EU summit to warn youth guarantee laggards

youth unemployment - socialist party website.jpg

EXCLUSIVE / EU countries that have not yet submitted their national plans to introduce so-called Youth Guarantee schemes will be requested to do so without delay at an EU summit, which opens in Brussels today (19 December).

Internal European Commission documents seen by EURACTIV reveal that a majority of countries have not sent any plans and risk losing the funding for the initiative, aimed at tackling youth unemployment.

The draft conclusions of the summit, obtained by EURACTIV, call on member states that have not yet submitted their Youth Guarantee Implementation plans to do so without delay.

Under the Youth Guarantee, young people without a job will be guaranteed an offer of employment, training or further education within four months of finishing school or becoming unemployed (see background).

A €6 billion pot in the EU budget for 2014-2020 has been set aside to tackle youth employment in regions with high levels of unemployment.

One in five young Europeans is jobless. In countries such as Greece and Spain, half are unemployed.

Countries risk losing money

Only member countries that have submitted their national plans and who qualify will receive money, an EU source told EURACTIV. The deadline for submitting the plans was just before the summit, and countries that did not submit national plans would be named at the summit by the Commission, the source added.

According to the Commission, the cost of not acting under the Youth Guarantee will in fact be much higher. The European Foundation for Living and Working Conditions (Eurofound) has estimated the current economic loss of having 7.5 million young people out of work or education or training at over €150 billion for the EU every year (1.2% of EU GDP) in terms of benefits paid out and lost output.

According to a Commission paper obtained by EURACTIV, only 11 out of the 28 members have submitted national plans. The Czech Republic and Hungary have submitted a final draft, while France, Croatia, Italy, Lithuania, Luxembourg, Poland, Portugal, Romania and Slovakia have submitted a first draft.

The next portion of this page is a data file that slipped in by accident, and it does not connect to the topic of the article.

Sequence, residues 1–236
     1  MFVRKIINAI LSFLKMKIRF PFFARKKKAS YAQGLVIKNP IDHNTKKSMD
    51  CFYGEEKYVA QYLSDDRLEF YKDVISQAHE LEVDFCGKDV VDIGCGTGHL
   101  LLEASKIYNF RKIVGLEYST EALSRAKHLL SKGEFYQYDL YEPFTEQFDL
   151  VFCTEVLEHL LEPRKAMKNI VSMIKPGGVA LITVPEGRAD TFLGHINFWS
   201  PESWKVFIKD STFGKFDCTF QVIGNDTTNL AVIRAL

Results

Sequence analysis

The document shows that Austria, Belgium, Bulgaria, Cyprus, Germany, Denmark, Estonia, Greece, Spain, Finland, Ireland, Latvia, Malta, the Netherlands, Sweden, Slovenia and UK have not submitted their national plans within the required deadline.

However, Austria, Finland, Germany, Denmark and the Netherlands appear to be a special case. Austria and Finland have an excellent track record in combating youth unemployment and their experience is a source of inspiration for the EU, while Germany, the Netherlands and Denmark lead in averting youth unemployment, studies say.

But it may appear as a paradox that Greece, a country under bailout programmes,and Spain, with the highest rates of youth unemployment, and Bulgaria, the poorest country in the EU, have not made the necessary steps to receive EU funding to tackle youth unemployment.

Reportedly, the implementation of the Youth Guarantee is more complex than it appears at first sight. For many member countries, its implementation will require structural reforms. For example, public employment services must be able to ensure young people receive appropriate advice on job, education and training opportunities most relevant to their own situation.

Another area requiring structural reforms concerns vocational education and training systems, where member countries must ensure that they give young people the skills that employers are looking for. In this respect, trade unions, employers' organisations, educational establishments and public authorities have a role to play and prove their maturity. 

At today’s pre-summit meeting of the Party of European Socialists (PES), EURACTIV asked PES leader Sergei Stanishev to comment why his country, Bulgaria, was among the laggards on the Youth Guarantee, an initiative he personally promotes at EU level.

Stanishev, who is the leader of the Bulgarian Socialist party, the largest force in the governing coalition,  made a phone call to the Bulgarian minister of labour and Social Policy Hasan Ademov, who reportedly told him that Bulgaria’s national plans would be sent to the Commission before the yearend. 

Hannes Swoboda, leader of the Socialists and Democrats group in the European Parliament, told EURACTIV it was “a pity” that some EU countries didn’t have all their energy concentrated on putting the Youth Guarantee to work. He said that the Youth Guarantee did not receive as much funding as his political family had wished, but that “every euro counted” for further formation and so that young people could get the jobs that are existing.

“People will say: what do we have from Europe, if even small contributions are not given to them”, he said. 

The European Commission last December presented a proposal aimed at tackling youth unemployment across Europe.

The new package includes the so-called "Youth guarantee". It is a tool that hopes to ensure that all youth under 25 receive a quality job, internship or education offer within four months of finishing school or becoming unemployed.

Youth unemployment is on average twice as high as for the rest of the working age population in Europe. In Italy, it has risen to some 35% and in Spain and Greece, it even reaches over 50%.

The Youth Employment Package builds on the endorsement by the European Council on 29 June 2012 of both the Youth Guarantees concept and the usefulness of a quality framework for internships.

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